SC asks Centre to file response in 2 weeks on pleas challenging Places of Worship Act

The court's readiness to test the law is significant considering the recent happenings in courts in Delhi, Varanasi, Mathura and the SC which probe the boundaries of the Act

Updated - September 09, 2022 03:37 pm IST

Published - September 09, 2022 01:45 pm IST - NEW DELHI:

File photo for representation purposes only.

File photo for representation purposes only. | Photo Credit: Getty Images

The Supreme Court on Friday set the ball rolling on a series of petitions challenging the validity of the Places of Worship Act of 1991, a parliamentary law that protects the identity and character of religious places as on August 15, 1947.

A Bench led by Chief Justice of India U.U. Lalit said the petitions would be listed before an appropriate three-judge Bench of the apex court, which may consider the possibility of referring the challenge to the 1991 law to a Constitution Bench of five judges.

"Let the three judges consider and then only the Constitution Bench," Chief Justice said, posting the case on October 11.

Solicitor General Tushar Mehta, for the Centre, agreed to file a response in two weeks.

A slew of petitions has been filed against the Act, contending it has illegally fixed a retrospective cut-off date (August 15, 1947), illegally barring Hindus, Jains, Buddhists and Sikhs from approaching courts to "re-claim" their places of worship which were "invaded" and "encroached" upon by "fundamentalist barbaric invaders".

The main objective of these petitions is to set right a "historical wrong".

The court's readiness to test the law is significant considering the recent happenings in courts in Delhi, Varanasi, Mathura and the Supreme Court which test the protective grip and probe the boundaries of The Places of Worship (Special Provisions) Act of 1991.

In the hearing, advocate Vishnu Jain, for Vishwa Bhadra Pujari Purohit Mahasangh, said the judicial review of a law cannot be taken away.

Mr. Jain quoted the Minerva Mills judgment of the apex court which held that taking away the power of judicial review would "make a mockery of the distribution of legislative powers between the Union and the States and render the fundamental rights meaningless and futile".

"It would make Parliament the sole judge of the constitutional validity of what it has done and that would. In effect and substance, nullify the limitation on the amending power of Parliament and affect the basic structure of the Constitution," the Minerva Mills judgment said.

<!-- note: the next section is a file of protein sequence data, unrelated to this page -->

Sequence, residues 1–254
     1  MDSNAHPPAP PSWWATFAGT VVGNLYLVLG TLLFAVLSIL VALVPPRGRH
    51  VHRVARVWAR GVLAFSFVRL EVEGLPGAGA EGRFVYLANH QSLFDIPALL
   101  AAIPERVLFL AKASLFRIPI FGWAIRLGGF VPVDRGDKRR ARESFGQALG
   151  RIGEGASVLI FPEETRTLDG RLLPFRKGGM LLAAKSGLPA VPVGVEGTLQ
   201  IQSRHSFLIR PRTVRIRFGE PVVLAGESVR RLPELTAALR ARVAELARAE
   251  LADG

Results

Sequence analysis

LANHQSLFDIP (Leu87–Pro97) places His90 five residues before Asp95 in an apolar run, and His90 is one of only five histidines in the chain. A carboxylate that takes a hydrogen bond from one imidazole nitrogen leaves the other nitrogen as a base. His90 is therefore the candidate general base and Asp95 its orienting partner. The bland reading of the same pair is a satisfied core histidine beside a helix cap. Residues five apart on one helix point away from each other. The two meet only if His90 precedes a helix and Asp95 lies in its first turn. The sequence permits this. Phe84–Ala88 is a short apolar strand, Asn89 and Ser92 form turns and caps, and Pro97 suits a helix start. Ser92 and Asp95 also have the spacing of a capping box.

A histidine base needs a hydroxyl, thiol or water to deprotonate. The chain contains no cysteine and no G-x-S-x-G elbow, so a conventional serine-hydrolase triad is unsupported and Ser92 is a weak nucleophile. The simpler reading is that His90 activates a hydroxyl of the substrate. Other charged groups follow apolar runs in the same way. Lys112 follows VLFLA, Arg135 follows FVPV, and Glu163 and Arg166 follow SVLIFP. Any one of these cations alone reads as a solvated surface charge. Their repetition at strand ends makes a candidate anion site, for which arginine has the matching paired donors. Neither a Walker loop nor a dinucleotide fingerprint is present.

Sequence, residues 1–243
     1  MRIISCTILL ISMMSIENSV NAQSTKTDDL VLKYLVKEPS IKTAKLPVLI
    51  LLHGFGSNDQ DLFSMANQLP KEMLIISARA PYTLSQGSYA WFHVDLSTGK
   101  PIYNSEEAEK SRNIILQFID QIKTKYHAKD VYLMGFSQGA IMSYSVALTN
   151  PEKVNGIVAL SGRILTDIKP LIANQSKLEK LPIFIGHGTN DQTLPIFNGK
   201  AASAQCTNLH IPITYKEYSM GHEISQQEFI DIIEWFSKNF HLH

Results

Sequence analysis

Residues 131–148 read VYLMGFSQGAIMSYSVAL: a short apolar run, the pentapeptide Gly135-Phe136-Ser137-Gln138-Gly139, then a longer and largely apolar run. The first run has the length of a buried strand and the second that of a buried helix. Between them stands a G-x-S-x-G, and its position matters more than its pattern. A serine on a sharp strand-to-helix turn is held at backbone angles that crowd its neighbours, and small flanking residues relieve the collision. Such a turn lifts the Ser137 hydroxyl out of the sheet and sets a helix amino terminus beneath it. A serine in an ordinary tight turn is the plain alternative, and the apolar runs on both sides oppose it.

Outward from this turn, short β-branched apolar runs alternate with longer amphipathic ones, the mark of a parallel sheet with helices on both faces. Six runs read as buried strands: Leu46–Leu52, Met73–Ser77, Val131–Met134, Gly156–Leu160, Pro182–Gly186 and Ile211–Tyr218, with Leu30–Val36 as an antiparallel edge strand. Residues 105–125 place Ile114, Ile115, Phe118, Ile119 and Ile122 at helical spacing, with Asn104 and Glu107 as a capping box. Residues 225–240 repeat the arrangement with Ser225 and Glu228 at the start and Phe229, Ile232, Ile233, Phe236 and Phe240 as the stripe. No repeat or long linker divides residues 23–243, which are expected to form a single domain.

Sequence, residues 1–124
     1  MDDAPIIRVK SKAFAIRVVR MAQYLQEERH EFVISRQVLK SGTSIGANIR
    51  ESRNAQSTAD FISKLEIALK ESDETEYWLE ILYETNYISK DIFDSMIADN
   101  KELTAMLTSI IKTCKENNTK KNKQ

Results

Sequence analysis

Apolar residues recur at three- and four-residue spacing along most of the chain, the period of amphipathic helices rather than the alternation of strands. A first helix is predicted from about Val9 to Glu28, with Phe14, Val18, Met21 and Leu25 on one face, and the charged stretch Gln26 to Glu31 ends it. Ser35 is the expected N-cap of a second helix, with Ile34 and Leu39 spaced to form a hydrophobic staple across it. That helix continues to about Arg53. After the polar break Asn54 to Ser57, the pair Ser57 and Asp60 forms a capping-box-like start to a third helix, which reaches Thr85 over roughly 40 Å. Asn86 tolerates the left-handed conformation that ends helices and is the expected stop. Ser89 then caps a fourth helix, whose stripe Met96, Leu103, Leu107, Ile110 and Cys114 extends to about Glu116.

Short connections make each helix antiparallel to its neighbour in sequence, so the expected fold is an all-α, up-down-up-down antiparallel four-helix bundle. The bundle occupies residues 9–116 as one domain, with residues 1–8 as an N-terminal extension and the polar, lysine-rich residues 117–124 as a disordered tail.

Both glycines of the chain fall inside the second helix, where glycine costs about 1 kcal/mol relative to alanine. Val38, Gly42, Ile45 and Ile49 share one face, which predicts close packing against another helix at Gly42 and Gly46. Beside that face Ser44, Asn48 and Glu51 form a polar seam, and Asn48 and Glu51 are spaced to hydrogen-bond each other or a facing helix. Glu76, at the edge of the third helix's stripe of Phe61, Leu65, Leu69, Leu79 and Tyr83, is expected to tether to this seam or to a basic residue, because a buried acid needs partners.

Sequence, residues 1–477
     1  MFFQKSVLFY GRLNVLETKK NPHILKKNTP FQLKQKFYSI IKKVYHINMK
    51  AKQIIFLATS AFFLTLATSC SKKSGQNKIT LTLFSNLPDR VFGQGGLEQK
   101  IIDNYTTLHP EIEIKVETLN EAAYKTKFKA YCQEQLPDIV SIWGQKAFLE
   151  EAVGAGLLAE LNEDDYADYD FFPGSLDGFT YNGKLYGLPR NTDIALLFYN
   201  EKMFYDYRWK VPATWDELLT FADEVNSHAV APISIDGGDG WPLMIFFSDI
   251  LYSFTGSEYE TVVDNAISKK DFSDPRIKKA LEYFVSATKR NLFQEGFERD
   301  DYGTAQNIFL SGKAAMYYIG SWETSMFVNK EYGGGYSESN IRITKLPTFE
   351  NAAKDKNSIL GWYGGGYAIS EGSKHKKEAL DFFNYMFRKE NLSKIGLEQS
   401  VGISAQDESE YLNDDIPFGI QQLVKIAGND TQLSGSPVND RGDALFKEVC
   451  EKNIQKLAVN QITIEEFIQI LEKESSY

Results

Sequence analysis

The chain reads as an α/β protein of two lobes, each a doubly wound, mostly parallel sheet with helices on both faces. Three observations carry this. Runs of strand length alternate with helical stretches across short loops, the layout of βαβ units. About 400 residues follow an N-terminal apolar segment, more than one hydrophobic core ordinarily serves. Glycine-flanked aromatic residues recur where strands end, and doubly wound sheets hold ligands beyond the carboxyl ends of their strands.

Advocate Ejaz Maqbool, for the Jamiat Ulama-i-Hind, countered that the Places of Worship Act is a central legislation and has already a "presumption of constitutionality" attached to it.

He referred to the Constitution Bench's observations in the unanimous Ramjanmabhoomi judgment which upheld the validity and necessity of the 1991 Act.

The Ayodhya judgment of the Supreme Court had said the 1991 Act “speaks to our history and to the future of the nation… In preserving the character of places of public worship, Parliament has mandated in no uncertain terms that history and its wrongs shall not be used as instruments to oppress the present and the future”.

Senior advocate Rakesh Dwivedi, for petitioner Ashwini Upadhyay, said the remarks in the Ayodhya judgment were in the nature of 'obiter dicta' and has force of law.

Advocate J. Saideepak Iyer, for the Kashi royal family, argued that one religious place, in Ayodhya, cannot be given precedence over others like in Kashi, and this was a violation of Article 26 (freedom to manage religious affairs) of the Constitution.

Dr. Subramanian Swamy, a petitioner, said his prayer was to read down the 1991 Act.

Mr. Dwivedi said the first step is to find out whether the Act was ultra vires or not. Reading down the Act comes only later if required.

In March 2021, the top court had issued formal notice to Union Ministries of Home, Law and Culture on the petition filed by Mr. Upadhyay against the various provisions of the 1991 Act.

Mr. Upadhyay had argued that the cut-off date was "arbitrary and irrational".

"The Act declared that character of places of worship-pilgrimage shall be maintained as it was on August 15, 1947 and no suit or proceeding shall lie in court in respect of disputes against encroachment done by fundamentalist barbaric invaders and law breakers and such proceeding shall stand abated," Mr. Upadhyay had said.

He had challenged Sections 2, 3, and 4 of the Act which dealt with the bar on legal claims that were against the principles of secularism.

"Section 2,3,4 not only offend right to pray, practice and propagate religion (Article 25), right to manage maintain administer places of worship-pilgrimage (Article 26), right to conserve culture (Article 29) but also contrary to State’s duty to protect historic places (Article 49) and preserve religious cultural heritage (Article 51A)," the petition said.

Other petitions too challenge the 1991 Act on similar if not identical grounds.

One of the new petitions accused the 1991 Act of “validating the illegal and barbarous action of invaders”.

Another petition filed by Anil Kabotra in the Supreme Court takes on an identical note by saying that mosques have to be constructed on “legally owned” and “virgin land”. “Temple’s religious character does not change after demolition of roof, walls, pillars, foundation and even offering namaaz," it said.

A petition by Devkinandan Thakur echoes the same notions of “historic wrong”.

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